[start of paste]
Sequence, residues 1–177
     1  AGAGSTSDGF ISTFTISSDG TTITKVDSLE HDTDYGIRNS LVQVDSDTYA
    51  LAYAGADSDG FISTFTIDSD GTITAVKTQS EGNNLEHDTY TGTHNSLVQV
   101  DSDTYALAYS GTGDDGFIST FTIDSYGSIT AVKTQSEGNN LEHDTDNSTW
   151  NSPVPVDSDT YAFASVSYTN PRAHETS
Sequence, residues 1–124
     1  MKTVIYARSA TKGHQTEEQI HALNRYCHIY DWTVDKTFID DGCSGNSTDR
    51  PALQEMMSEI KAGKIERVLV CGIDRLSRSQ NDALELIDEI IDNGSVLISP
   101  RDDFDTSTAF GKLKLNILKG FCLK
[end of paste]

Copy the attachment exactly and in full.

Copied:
Sequence, residues 1–177
     1  AGAGSTSDGF ISTFTISSDG TTITKVDSLE HDTDYGIRNS LVQVDSDTYA
    51  LAYAGADSDG FISTFTIDSD GTITAVKTQS EGNNLEHDTY TGTHNSLVQV
   101  DSDTYALAYS GTGDDGFIST FTIDSYGSIT AVKTQSEGNN LEHDTDNSTW
   151  NSPVPVDSDT YAFASVSYTN PRAHETS
Sequence, residues 1–124
     1  MKTVIYARSA TKGHQTEEQI HALNRYCHIY DWTVDKTFID DGCSGNSTDR
    51  PALQEMMSEI KAGKIERVLV CGIDRLSRSQ NDALELIDEI IDNGSVLISP
   101  RDDFDTSTAF GKLKLNILKG FCLK